I'd better be explicit! I'm not seeking to drive a wedge between 'working' and 'non-working' people,
'waged' and 'non-waged', teachers and parents etc. I'm just exploring the situation I find myself in
and am interested to know what other people's opinions are.

Generally speaking, I would have thought teachers fell into the same category of 'working person'
that I am talking about i.e. struggle to be home by 6.00pm. Although, I expect they have more leeway
than many when it comes to leaving the premises before 5.00.

However, most skilled, and many 'non-skilled', people finish work when the work is finished. And
little regard is given to the 'reasonableness' of the hour. I'm not saying this is a good thing, but
should it not have some influence on the organization of events that are intended to be open to as
many people as possible?

Which brings me onto another question: are parents' evenings valued by teachers/schools/the
education system? And what are they expected to achieve? The general impression I have is that we
(the parents) are being discouraged from, if not attending, at least from seeing more than a handful
of teachers, which makes me feel that it is something of a token gesture.

For instance, the time allocated to one teacher recently was not enough for him to see all the
parents even at twice the normal (for this school) frequency. Most parents wished to attend and, not
surprisingly, some were not allotted an appointment.

So, do teachers/schools feel that parents' evenings are time well spent? And is there a conflict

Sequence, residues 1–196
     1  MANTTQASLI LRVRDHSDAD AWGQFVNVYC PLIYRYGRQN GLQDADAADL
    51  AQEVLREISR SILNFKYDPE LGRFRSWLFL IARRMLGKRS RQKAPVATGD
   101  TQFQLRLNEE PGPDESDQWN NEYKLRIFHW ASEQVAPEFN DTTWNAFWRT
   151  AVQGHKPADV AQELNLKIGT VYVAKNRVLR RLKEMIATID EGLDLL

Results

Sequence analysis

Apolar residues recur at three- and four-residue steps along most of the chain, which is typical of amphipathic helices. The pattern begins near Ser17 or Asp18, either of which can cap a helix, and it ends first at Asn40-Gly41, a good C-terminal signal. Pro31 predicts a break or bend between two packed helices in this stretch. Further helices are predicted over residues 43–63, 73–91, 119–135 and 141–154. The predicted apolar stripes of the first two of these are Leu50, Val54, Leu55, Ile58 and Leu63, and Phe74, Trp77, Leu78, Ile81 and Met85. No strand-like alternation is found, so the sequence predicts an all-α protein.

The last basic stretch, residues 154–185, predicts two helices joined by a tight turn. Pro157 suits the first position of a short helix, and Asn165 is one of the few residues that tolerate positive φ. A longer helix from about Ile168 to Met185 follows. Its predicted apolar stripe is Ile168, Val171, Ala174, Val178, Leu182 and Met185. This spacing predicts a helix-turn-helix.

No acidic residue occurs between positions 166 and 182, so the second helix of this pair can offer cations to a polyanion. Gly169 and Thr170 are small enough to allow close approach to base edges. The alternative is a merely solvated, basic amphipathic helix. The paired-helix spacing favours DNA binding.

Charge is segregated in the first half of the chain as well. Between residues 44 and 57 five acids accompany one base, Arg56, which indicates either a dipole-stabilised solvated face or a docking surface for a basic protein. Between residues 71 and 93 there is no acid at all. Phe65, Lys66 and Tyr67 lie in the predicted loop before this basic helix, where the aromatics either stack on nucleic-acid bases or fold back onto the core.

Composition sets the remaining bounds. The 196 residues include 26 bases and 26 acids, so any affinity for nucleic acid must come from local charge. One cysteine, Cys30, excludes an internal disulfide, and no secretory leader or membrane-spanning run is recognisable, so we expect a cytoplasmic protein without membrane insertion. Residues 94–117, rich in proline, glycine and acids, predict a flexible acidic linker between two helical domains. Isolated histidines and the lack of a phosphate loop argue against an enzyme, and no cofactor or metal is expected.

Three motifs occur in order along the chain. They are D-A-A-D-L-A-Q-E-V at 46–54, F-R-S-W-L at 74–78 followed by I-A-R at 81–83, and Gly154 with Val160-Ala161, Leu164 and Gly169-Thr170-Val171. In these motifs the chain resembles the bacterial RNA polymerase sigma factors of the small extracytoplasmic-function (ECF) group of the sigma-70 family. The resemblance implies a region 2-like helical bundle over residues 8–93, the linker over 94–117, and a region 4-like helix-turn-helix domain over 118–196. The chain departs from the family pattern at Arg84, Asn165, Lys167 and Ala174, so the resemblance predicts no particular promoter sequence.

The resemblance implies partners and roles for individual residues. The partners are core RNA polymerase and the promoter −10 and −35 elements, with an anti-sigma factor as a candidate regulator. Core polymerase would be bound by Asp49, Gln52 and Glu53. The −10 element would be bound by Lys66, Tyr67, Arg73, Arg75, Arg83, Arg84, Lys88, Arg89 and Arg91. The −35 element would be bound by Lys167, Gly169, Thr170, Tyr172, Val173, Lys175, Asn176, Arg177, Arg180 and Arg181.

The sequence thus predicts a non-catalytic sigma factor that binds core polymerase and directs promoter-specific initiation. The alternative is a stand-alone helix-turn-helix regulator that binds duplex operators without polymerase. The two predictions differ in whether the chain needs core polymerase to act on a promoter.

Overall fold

between the needs of the teachers, the pupils, the parents and the system?

And, back on a more personal level, what do parents do in order to attend between 4.00pm and 7.00pm
and see all the teachers (our school arranges 5 minute slots with 5 mins between each i.e. 10
teachers 1 hr 40mins)? Do people take holiday? Or unpaid leave? Or can most people simply slip out
early? What about those who are not able to get time off? Do they arrange other meeting times?

Just want to know what everyone does to be able to attend. Of course, the sub-text is, isn't there a
better way of doing this?

beanz <[email protected]> wrote in message news:[email protected]...
[q2]> > Can I test the water? What do people feel is a reasonable time for[/q2]
[q1]> parents'[/q1]
[q2]> > evenings to end? At our daughters' (comprehensive) school they like to finish around about the[/q2]
[q2]> > time I would expect a large number of working[/q2]
[q1]> people[/q1]
[q2]> > to start to be available - slight exaggeration, but you catch my drift![/q2]
[q2]> >[/q2]
[q2]> > Trevor[/q2]
[q2]> >[/q2]
[q2]> >[/q2]
[q1]> I know you didn't mean it Trevor but you could be misread as suggesting[/q1]
that
[q1]> teachers are not "working people". A reasonable time for teachers to finish working would be a[/q1]
[q1]> reasonable[/q1]
time
[q1]> that anyone else would finish working. I know all the arguments about[/q1]
long
[q1]> holidays etc. but, even if these arguments could be substantiated and teachers were asked to work[/q1]
[q1]> extra hours to accommodate parent[/q1]
consultations,
[q1]> it would be fair to ask why these should be at the end of a full day's work - why not have[/q1]
[q1]> afternoon's set aside specifically for the purpose? This, of course, would not solve the problem[/q1]
[q1]> that "working people" have in not being able to attend.[/q1]